We all know that the metalic value of any coin must be lower than the face value of the coin itself, lest people starts melting coins for profit. In recent years, rising price of raw materials has lead to concern that it might really be profitable for people to melt their coins.
This week the cost of the metals in a penny rose above 0.8 cents, more than twice the value of last fall. Because the government spends at least another six-tenths of a cent — above and beyond the cost of the metal — to make each penny, it will lose nearly half a cent on each new one it mints.
Appearances aside, pennies no longer contain much copper. In the middle of 1982, after copper prices rose to record levels, the mint starting making pennies that consist mostly of zinc, with just a thin copper coating.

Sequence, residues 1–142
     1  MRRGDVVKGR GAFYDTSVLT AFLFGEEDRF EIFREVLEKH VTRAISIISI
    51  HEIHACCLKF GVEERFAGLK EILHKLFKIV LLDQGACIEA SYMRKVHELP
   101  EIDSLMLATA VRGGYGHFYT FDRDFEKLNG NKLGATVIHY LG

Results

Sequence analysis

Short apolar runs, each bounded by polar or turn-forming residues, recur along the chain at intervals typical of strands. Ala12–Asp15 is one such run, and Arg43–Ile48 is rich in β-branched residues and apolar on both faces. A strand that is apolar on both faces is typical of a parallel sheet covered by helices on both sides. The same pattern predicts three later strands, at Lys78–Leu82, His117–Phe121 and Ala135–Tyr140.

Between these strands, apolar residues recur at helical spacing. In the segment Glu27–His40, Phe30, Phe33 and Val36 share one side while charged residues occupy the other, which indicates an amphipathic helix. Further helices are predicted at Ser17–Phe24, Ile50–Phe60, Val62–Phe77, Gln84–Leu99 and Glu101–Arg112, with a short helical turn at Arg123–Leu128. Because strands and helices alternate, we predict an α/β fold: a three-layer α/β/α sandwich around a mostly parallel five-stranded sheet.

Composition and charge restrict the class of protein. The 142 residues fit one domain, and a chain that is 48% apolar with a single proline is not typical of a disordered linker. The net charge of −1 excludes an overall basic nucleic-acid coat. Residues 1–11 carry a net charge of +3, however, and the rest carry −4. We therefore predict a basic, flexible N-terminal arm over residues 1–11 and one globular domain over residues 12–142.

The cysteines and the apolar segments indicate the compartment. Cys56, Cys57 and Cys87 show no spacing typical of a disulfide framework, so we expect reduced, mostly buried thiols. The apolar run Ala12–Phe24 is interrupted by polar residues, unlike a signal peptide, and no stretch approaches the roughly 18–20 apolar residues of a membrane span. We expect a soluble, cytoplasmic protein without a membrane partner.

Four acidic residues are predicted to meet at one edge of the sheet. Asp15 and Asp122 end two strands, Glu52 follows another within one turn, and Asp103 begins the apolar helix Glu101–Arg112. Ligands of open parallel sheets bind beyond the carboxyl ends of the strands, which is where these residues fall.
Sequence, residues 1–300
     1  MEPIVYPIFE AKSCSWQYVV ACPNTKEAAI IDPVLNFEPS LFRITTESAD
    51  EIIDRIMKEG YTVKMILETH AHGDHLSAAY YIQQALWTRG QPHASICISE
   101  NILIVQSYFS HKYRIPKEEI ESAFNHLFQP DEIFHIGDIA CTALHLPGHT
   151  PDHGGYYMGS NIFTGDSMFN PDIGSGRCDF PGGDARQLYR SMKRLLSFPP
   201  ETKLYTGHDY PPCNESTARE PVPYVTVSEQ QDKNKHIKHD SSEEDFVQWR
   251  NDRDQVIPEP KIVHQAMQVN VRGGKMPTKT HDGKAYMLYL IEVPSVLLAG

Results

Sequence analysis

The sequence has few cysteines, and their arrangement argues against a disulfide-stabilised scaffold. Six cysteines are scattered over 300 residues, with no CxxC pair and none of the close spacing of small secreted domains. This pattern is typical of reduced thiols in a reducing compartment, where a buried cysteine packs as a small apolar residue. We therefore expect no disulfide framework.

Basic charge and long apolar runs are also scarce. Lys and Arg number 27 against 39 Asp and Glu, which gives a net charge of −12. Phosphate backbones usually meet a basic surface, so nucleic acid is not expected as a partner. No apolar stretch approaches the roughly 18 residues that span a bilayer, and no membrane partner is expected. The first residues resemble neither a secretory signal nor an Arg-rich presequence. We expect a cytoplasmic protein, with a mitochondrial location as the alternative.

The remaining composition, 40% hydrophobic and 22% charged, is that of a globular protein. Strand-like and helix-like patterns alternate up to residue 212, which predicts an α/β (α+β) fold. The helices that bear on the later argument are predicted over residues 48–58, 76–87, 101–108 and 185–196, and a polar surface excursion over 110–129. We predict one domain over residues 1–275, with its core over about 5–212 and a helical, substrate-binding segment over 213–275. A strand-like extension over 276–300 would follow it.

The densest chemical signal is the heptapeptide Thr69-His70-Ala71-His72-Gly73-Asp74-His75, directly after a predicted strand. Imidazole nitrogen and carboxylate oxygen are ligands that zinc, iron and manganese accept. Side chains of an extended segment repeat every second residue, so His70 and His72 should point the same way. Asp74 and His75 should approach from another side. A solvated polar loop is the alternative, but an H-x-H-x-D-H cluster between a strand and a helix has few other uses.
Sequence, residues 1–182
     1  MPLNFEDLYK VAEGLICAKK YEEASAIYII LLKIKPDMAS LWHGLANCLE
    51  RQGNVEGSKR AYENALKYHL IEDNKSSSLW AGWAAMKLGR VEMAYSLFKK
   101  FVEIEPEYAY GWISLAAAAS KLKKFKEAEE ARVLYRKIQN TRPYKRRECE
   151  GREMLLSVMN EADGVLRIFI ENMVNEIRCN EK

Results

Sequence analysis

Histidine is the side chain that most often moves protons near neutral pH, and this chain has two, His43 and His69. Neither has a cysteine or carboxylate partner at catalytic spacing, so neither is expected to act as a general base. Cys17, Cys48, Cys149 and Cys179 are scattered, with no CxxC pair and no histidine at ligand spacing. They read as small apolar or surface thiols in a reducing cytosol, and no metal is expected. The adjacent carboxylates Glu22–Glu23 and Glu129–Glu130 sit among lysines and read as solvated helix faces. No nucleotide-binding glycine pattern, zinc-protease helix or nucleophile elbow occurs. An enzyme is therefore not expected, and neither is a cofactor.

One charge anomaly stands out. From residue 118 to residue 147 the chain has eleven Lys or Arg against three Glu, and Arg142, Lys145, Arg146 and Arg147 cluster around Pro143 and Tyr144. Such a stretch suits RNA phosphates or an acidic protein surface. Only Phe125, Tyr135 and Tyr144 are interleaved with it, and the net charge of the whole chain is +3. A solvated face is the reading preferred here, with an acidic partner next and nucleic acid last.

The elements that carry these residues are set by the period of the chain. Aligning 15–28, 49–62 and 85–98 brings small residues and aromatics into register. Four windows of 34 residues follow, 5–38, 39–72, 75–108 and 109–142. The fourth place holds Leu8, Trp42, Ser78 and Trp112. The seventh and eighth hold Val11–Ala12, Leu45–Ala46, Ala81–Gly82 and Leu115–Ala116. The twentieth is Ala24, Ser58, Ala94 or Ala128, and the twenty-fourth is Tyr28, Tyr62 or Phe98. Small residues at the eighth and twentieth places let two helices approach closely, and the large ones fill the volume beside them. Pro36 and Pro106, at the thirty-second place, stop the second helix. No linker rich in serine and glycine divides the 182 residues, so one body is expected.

But these days, zinc is newly popular. Rising industrial demand and speculation have sent the price rocketing. Since the end of 2003, zinc prices have tripled.(The New York Times - April 22)
I guess I'll start hoarding all those annoying 1, 2, 5 cents coins that I cannot normally use.
Just came back from Amsterdam...will blog about the trip later :)